The staffing crisis in Maryland prisons has reached a breaking point with “alarming levels of mandatory overtime, burnout and dangerous working conditions that threaten public safety,” according to a new report by the AFSCME Maryland Council 3.
The report is the first study on Maryland Department of Public Safety and Correctional Services staffing shortages that had the full collaboration of the union representing correctional officers. It concluded that the agency would need to hire 3,417 officers to reach what the union considers safe staffing levels in Maryland’s 19 adult prisons.
While some efforts have been made on the recruitment side recently, union leadership warned that retention was equally important and would become more of a challenge. AFSCME Maryland’s President Patrick Moran predicted that there would be a “deluge of officers leaving” over the next year.
“That’s a result of opportunities elsewhere, and that’s a result of people just being worn out, constantly having to work 16-hour shifts, constantly being subjected to violence, constantly not being able to spend time with their families and their communities,” Moran said.
The report involved more than just number-crunching, with the union deploying seasoned correctional officers to every prison in the state to assess how staffing shortages were affecting the facilities.
They found that staffing shortages were “extreme” and created a “dangerous cycle where there is no standard officer-to-incarcerated-person ratio in place.” As a result, there have been more violent assaults, including prisoners attacking each other, prisoners attacking officers and officers attacking prisoners, the union said.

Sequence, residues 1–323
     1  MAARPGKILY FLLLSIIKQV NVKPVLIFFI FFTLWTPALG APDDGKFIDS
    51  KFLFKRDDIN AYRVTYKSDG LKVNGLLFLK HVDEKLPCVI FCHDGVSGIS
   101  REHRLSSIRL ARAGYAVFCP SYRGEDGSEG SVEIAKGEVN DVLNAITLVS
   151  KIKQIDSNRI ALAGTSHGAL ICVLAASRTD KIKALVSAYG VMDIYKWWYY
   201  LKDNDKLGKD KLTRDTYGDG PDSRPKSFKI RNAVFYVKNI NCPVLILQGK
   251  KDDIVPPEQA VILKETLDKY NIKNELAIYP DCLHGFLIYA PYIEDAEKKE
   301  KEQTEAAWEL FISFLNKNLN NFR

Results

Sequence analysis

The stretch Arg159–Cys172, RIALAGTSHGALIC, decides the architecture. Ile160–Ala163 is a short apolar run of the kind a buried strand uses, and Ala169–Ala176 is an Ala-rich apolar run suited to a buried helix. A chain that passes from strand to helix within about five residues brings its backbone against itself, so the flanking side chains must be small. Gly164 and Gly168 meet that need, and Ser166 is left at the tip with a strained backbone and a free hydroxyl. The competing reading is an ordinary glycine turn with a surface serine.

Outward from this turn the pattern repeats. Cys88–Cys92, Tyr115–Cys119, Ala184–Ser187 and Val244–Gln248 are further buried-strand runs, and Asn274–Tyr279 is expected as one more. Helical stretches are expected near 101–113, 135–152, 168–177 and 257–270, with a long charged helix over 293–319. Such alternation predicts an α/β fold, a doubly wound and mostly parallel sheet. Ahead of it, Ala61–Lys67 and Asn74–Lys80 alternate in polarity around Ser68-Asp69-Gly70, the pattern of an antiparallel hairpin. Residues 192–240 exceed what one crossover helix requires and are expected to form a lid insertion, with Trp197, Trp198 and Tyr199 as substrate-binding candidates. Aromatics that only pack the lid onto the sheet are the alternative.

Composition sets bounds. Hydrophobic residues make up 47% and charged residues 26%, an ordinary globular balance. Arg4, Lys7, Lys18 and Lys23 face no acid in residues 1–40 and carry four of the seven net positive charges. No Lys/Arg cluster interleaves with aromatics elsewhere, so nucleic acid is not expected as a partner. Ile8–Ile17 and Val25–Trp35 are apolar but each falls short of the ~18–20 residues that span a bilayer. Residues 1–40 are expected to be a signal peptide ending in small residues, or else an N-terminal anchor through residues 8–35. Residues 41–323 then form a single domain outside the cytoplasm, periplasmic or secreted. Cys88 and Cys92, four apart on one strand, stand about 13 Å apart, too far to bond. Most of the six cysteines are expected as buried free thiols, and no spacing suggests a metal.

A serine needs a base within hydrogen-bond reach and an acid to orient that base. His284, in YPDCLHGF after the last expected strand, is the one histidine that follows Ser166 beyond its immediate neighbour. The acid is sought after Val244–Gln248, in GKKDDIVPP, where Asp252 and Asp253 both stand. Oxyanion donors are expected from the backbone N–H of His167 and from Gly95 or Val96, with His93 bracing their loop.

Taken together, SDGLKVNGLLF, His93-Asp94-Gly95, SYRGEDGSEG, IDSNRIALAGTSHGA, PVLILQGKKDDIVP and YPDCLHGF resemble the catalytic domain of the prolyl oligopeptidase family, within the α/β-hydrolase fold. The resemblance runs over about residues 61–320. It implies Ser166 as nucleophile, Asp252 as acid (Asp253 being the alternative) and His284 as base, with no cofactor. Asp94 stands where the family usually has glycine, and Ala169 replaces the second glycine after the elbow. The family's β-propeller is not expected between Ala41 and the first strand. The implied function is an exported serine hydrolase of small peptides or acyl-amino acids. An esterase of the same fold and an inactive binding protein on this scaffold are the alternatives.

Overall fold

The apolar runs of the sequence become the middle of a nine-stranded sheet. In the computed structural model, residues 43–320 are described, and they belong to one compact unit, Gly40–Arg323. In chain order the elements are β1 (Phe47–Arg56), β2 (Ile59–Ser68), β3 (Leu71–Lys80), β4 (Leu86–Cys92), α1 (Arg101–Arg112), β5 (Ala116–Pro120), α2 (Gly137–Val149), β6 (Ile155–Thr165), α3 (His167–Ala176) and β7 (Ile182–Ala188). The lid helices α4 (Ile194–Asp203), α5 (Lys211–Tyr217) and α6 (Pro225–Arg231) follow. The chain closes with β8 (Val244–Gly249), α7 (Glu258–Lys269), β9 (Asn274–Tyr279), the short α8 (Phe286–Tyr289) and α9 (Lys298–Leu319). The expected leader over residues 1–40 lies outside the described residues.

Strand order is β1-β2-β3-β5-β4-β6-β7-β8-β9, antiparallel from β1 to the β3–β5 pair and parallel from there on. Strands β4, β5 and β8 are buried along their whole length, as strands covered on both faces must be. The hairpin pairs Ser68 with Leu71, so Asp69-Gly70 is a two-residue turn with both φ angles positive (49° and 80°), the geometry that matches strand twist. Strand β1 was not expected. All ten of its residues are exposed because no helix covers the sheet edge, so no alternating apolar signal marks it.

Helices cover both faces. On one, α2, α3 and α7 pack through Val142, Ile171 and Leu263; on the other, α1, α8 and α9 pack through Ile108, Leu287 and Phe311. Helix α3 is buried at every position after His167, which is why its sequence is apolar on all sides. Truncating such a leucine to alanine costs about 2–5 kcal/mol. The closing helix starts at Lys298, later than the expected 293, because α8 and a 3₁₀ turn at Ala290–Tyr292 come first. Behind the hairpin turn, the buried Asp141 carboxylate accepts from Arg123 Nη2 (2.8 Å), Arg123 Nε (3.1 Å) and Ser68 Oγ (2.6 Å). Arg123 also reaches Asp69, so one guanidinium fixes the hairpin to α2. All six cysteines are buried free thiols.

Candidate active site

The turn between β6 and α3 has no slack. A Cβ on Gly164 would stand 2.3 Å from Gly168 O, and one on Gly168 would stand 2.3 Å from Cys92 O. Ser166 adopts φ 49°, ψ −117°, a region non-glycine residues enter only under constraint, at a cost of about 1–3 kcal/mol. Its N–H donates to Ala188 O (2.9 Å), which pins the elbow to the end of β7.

Moran said that violence at “almost every institution” is “significantly high, and that is a direct result of the staffing shortages we are outlining here today.”
Additionally, the staffing shortages have impacted in-person and virtual visitation, road crews and work release programs, educational activities, vocational shops, outdoor and indoor recreation, library and chapel time, and medical appointments, among other issues, according to the report.
Brittany Cozart, a 15-year-veteran correctional officer who has spent the last six years working at the Metropolitan Transition Center in Baltimore, said that the staffing shortages have led to serious injuries, including one officer who was brutally assaulted last year and lost one of his eyes as a result.
“We’re not able to get the work done, and those of us that are getting the work done and staying are not being compensated for all of the extra work that we’ve taken on,” Cozart said. “This has led to numerous resignations, health issues and even death for some of our fellow officers.”
The union is recommending that the Department of Public Safety and Correctional Services streamline and “decentralize” its hiring process, allowing the hiring department to move more quickly and select candidates based on individual institutions’ needs.
It is also recommending more lucrative retirement packages and that the agency restore wages being based on years of service to incentivize retention as seasoned correctional officers leave for less dangerous work environments, like Amazon shipping hubs.
The Maryland Department of Public Safety and Correctional Services said in a statement that the vacancies and staff shortages were “alarming,” but added that Gov. Wes Moore “has been very clear that it is a major priority of his to fill these roles and get the state government back to firing on all cylinders.”
The department said that it has hired 404 new employees, though it did not specify how many of them were correctional officers, since Secretary Carolyn Scruggs has taken over — 62% more hires than at this point last year.